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Why Justin Moss should be allowed to finish his degree

Greg Bartram-USA TODAY Sports

There are two main schools of thought on discipline. One is as a form of righteous punishment doled out to balance out some terrible wrong. The other view commonly held is that the point of discipline should be used to help the subject of the action come out a better human being.

What Justin Moss, Raheem Johnson, and Mory Diane did was wrong. It was stupid beyond belief and in committing the thefts they dishonored themselves, their team, and their school. I will not make any excuses for the actions taken because there is literally no excuse for putting your future in jeopardy over 650 dollars in cash and jewelry.

But step back and ask yourself this question: What form of discipline makes Justin Moss the best man he can be in ten years?

It's a question I ask myself every time I have to discipline my kids. First, I make sure I'm not angry about the event. I'll send them to their room while I smolder and after I realize I don't hate them I'll call them back out.

"Thing 2 (editorial nickname for my second child)" I'll say, "How can I make you the best Thing 2"?

So right now the student disciplinary committee needs to divorce itself from any emotion over this situation. Your feelings on collegiate athletics should be left to the side. Your job is to make Justin Moss, the UB student, the best man he can be. It's not to make an example out of him for committing a minor crime.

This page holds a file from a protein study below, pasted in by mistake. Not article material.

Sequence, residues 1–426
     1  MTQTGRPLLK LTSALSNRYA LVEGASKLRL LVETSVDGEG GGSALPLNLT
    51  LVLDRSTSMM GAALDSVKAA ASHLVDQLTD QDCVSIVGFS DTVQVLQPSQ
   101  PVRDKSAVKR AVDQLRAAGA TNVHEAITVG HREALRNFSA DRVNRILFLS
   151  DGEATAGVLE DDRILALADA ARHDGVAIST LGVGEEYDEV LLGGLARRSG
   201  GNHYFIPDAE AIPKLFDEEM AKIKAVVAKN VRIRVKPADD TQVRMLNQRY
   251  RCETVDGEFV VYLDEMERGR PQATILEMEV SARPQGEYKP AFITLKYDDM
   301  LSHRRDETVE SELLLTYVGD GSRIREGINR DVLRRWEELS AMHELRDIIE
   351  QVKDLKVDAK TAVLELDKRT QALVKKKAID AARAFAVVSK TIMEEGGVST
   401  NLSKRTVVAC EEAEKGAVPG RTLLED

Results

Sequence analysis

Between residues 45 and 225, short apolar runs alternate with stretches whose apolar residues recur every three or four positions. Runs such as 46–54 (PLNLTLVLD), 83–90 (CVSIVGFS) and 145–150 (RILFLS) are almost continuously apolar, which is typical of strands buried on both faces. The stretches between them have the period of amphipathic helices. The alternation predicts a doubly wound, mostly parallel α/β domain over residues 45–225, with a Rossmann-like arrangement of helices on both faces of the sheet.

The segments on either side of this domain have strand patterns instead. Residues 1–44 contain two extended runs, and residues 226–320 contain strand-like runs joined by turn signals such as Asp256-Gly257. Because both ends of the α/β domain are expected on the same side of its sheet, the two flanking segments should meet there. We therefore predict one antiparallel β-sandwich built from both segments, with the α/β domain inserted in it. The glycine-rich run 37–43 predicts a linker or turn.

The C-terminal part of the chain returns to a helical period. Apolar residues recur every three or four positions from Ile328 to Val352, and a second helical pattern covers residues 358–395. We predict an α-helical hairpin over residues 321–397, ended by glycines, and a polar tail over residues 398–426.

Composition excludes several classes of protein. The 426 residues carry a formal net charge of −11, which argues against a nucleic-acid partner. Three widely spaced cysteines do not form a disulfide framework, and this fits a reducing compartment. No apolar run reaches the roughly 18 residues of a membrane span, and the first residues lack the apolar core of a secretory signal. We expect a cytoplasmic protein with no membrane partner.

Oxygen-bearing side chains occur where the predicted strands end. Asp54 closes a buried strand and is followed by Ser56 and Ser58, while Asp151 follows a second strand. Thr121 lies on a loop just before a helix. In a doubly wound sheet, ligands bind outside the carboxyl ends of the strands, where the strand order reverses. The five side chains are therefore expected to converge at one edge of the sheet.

Moss is *SIX* credits short of obtaining his degree and he has only been at UB - his third school - three years. Outside of his problems with stealing he is a model campus citizen and a stand up guy. I have heard that Moss had already been seeing a counselor for his theft problem but it's just a rumor without anyone willing to go on record.

Do you make a guy like Moss the best he could by sending him away from Buffalo with no degree? He probably cannot transfer the bulk of his credits elsewhere and even if he could there is no guarantee he could afford another school.

Consider that the students involved did not even want to press charges.

If the student disciplinary committee takes the easy road, deciding to kick him out of school, they will not only fail in their responsibility to Moss but they will open themselves up to the following question;

"Would you have done that to someone not named Justin Moss"

Can Moss and his legal counsel go back and find an example of the school taking mercy on some scrawny non-athlete for committing a similar offense?

In my opinion the best way to help Moss here is a suspension from the team for a part of this fall's Basketball slate and copious amounts of community service. I'm talking real productive, hard service. He has just a few classes to take and he's a big strong guy. I'm sure the University can find something for him to contribute.

So let him miss some games this fall. He may have just taken himself out of the running for more than one postseason award. He has had to have his name dragged through the mud, and he has let down his team and coach. This, plus some service, is corrective discipline that can help him become a better man while leaving him the tools - like a hard-earned diploma - that anyone would need to do so.

And that's what we should be after, not blood.